• Data protection and compliance—two seemingly different objectives—actually may have so much in common that by addressing one you’ve made significant inroads to addressing the other. Let’s discuss what compliance and data protection have in common:-- Protection of sensitive data-- Need for continuous vigilance-- Utilize compliance as a foundation to security best practices
  • Over the next few years, companies will increasingly realise that good information security can be an asset and a differentiator from the competition. However, most organisations view compliance as an annual project; an exercise to perform the minimum requirements to pass the audit. The end-goal of each project is on ticking the box marked “compliance” rather than to improve security and safeguard valuable corporate assets—including brand reputation.
  • However, some do recognize the need for continuous security and compliance. For example, many believe that the International Organization for Standardization (responsible for ISO 27001), is an umbrella over other requirements of law or regulation—for example JSOX, SOX and the Data Protection Directive and contractual standards like PCI DSS, because it requires organisations to continuously demonstrate their commitment to high levels of information security. As Bob Russo, General Manager of the PCI Security Standards Council, stated before the House Subcommittee on Emerging Threats, Cybersecurity and Science and Technology, “Achieving and maintaining compliance with PCI DSS and continuous vigilance regarding other security practices is an ongoing process that must systematically be integrated into every organization’s development and operational practices and policies in order to serve as the best line of defense against a data breach.” He insists that organizations must not take solely a checklist approach to security, or rely on periodic validation as their security goal, but must instead exercise continuous vigilance and maintain a strict security program that ensures constant and ongoing PCI DSS compliance.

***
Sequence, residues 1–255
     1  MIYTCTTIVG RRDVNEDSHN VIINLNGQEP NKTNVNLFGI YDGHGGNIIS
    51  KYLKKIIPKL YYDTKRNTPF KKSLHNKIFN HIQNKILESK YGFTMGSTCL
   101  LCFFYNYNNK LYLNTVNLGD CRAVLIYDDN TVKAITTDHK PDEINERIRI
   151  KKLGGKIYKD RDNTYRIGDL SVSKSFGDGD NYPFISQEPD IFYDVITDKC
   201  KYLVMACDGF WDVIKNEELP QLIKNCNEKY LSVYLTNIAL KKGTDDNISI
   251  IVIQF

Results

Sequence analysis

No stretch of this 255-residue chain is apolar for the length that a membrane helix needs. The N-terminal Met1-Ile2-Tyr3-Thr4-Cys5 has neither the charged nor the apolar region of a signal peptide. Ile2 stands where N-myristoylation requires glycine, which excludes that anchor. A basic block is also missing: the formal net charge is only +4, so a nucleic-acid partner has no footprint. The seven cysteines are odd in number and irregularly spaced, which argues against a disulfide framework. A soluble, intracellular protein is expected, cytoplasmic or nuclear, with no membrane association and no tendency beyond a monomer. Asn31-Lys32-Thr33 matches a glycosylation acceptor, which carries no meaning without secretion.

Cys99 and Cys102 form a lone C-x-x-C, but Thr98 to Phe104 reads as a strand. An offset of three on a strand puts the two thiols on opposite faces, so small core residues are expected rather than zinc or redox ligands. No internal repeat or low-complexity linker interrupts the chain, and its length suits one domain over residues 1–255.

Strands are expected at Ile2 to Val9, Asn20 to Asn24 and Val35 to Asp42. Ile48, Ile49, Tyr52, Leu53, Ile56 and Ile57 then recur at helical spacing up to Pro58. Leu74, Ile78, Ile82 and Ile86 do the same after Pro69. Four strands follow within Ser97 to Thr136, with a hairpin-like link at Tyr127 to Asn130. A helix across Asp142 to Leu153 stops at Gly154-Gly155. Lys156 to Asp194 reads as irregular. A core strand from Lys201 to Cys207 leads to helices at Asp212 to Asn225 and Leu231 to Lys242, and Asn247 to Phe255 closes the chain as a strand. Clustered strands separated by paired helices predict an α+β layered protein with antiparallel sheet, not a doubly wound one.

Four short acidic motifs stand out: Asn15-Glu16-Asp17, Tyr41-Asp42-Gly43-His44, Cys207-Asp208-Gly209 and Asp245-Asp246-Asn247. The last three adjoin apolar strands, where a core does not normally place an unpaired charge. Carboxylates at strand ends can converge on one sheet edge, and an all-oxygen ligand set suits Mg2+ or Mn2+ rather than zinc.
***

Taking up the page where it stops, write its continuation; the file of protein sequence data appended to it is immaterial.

• Data protection and compliance—two seemingly different objectives—actually may have so much in common that by addressing one you’ve made significant inroads to addressing the other. Let’s discuss what compliance and data protection have in common:-- Protection of sensitive data-- Need for continuous vigilance-- Utilize compliance as a foundation to security best practices
  • A centralized PCI approach can benefit your entire organisation. Using the PCI DSS as a baseline for security best practices can give organisations a tremendous head start on implementing a sound security strategy. This comprehensive standard is far more prescriptive and detailed, and far less open to interpretation compared to other regulations, such as the ISO 27000 series. PCI DSS does not replace overall information security, it should compliment it.
  • And all of this visibility leads to is way too much information.
  • Seeing only changes is not enough
  • Seeing only events is not enough
  • Relating or correlating change events to log events – establishing relationships between these types of data to alert you about a potential threat to your data.
  • Visibility across your infrastructure to know what is happening at all times.Intelligence to know which changes or events are suspect and may put your infrastructure and data at risk of compromise.Automation to help you to categorize high risk changes and events, remediate certain conditions, and automate compliance requirements such as reporting.